ABSTRACT Near surface statics are a major problem in modern delta fill areas such as the Mississippi. The necessary travel time corrections can be determined by manual techniques, refraction analysis, and modeling of the Holocene sediments. Sediment characteristics from direct measurements are discussed in companion papers and have been related to dynamic seafloor features. Seismic models based on this information provided statics corrections for two sample data sets. Results of the modeling are compared to refraction analysis and manual reflection statics. The combined use of modeling and direct measurement information to compute near surface seismic statics corrections can provide improved seismic sections. INTRODUCTION Work in the 1970's, especially that utilizing side-scan sonar, delineated a wide variety of sub-aqueous landslide features, which cause the irregular sea-bottom topography of the offshore Mississippi Delta. Physical loading by delta-front sand over prodelta clay, plus cyclic loading by storm waves, initiate sediment failure and downslope flow. Delta-front failure begins in the updip collapse depressions, which yield sediment that slowly flows down-slope through mudflow gullies. Between the gullies are remnant highs, the interflow platforms. The mudflows spread out downdip upon the outer continental shelf as coalescing lobes. These features and processes are discussed in a companion paper (May et al., 1988). Anomalous seismic velocities are associated with these mudflow features (Tinkle et al., 1988) and cause near surface seismic travel time anomalies, or statics. The thickest anomalous zones occur where rapid input of fine-grained, organic rich sediment results in excess pore fluids and biogenic gas buildup. The lowest seismic velocities arise when these overpressured, underconsolidated sediments fail (May et al., 1988). Physical agitation and release of overburden pressure during mass flow apparently liberates interstitial gas into bubble phase, producing maximum seismic attenuation and lowest velocities. These characteristics of the unstable seafloor inhibit our ability to acquire interpretable seismic data. The extent of this "seismic no-data zone" (Figure 1) was outlined by Garrison (1974). A standard technique on land to make the necessary time corrections is refraction statics. This method can be used offshore, but in this case is also problematic. Raytrace seismic modeling, based on the in situ interval velocity measurements, indicates seismic source to receiver offsets greater than 10,000 feet are necessary to record first break refract ions from the base of the near surface seismically anomalous zone. Sample shot records verify these predictions (Figure 2). Note the large magnitude of the short period statics (trace-to-trace time shifts) at 8000 feet offset on the 1eft and at 7000, 8200, and 10700 feet on the righthand shoft record. Long period (areal dip) statics are evident by the extreme variation in refraction cross-over distance between the two shot records from the same 1ine. Statics shifts of this magnitude, in areas of poor signal quality, are too large for automatic statistical techniques to reliably solve.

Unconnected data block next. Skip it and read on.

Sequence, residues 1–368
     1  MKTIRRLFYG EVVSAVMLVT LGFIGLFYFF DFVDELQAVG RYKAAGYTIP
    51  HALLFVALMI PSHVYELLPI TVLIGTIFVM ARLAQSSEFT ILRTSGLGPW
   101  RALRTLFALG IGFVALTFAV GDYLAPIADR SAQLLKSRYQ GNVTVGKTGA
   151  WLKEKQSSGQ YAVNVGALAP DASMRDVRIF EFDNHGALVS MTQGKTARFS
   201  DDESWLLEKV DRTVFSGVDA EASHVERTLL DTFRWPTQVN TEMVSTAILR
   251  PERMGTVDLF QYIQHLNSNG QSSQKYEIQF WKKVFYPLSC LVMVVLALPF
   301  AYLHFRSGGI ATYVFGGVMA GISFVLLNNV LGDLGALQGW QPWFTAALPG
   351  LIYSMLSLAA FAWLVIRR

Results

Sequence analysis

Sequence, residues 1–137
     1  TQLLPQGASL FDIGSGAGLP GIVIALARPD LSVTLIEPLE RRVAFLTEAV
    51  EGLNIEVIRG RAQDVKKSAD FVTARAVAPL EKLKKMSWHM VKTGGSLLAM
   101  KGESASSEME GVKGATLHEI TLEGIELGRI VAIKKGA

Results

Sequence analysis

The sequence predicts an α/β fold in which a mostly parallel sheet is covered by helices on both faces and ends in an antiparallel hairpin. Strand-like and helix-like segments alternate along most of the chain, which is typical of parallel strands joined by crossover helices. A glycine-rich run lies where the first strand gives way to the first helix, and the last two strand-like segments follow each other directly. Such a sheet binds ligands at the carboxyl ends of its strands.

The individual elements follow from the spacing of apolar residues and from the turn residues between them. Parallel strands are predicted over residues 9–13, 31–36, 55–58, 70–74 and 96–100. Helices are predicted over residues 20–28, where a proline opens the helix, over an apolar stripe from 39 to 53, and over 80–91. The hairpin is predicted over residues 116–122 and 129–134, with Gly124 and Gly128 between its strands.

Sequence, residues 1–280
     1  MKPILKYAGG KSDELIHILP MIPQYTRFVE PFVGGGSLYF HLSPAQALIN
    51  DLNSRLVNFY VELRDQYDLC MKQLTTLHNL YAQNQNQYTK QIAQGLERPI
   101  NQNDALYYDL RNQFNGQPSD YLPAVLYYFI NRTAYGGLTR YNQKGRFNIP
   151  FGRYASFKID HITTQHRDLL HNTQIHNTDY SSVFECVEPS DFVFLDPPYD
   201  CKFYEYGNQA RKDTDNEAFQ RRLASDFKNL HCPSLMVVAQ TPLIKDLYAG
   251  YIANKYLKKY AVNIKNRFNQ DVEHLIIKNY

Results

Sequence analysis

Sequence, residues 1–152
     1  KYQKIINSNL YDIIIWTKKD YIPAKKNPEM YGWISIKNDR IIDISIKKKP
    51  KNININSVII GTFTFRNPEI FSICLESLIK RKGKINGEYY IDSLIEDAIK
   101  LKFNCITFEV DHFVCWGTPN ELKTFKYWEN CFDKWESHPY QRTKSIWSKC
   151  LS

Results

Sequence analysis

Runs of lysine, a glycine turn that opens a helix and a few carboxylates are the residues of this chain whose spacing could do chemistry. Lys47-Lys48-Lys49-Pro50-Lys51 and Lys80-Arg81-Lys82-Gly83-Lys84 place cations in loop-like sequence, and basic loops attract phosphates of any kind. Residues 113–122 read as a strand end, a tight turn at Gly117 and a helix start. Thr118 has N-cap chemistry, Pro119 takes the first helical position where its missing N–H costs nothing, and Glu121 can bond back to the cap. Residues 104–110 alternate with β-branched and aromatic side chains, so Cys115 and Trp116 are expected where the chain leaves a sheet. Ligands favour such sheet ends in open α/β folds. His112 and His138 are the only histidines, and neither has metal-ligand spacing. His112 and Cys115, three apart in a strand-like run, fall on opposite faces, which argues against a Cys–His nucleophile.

Proceedings Papers

Publisher: Society of Exploration Geophysicists

Paper presented at the 2003 SEG Annual Meeting, October 26–31, 2003

Paper Number: SEG-2003-0086

...

**static****corrections**in complex regions. Introduction Because of poor S/N ratio of reflection in complex regions, the QC of**field****static****corrections**by first break is often carried out on common-shot-point (CSP) gather. Conventionally, the calculation of**field****static****corrections**is to calculate to a...
Abstract

Summary Facing structural characters of surface in complex mountain areas and effect of difference in travel path between first break and reflected wave on static corrections, the paper presents a method for step calculation of statics which breaks convention that the statics must be calculated to final datum only by one step. The paper also illustrats implementing meaning and steps of the method and its QC tools . The method has important meaning for solving the problem of static corrections in complex regions. Introduction Because of poor S/N ratio of reflection in complex regions, the QC of field static corrections by first break is often carried out on common-shot-point (CSP) gather.

Proceedings Papers

Publisher: Society of Exploration Geophysicists

Paper presented at the 2018 SEG International Exposition and Annual Meeting, October 14–19, 2018

Paper Number: SEG-2018-2986560

..., Interferometric application of

**static****corrections**: Geophysics, 77, no. 1, Q1 Q13, httpsdoi.org/10.1190/geo2011-0082.1. Henley, D. C., 2014, Raypath interferometry vs. conventional**statics**: Recent**field**data and model comparisons: 84th Annual International Meeting, SEG, Expanded Abstracts, 2040 2044, httpsdoi.org...
Abstract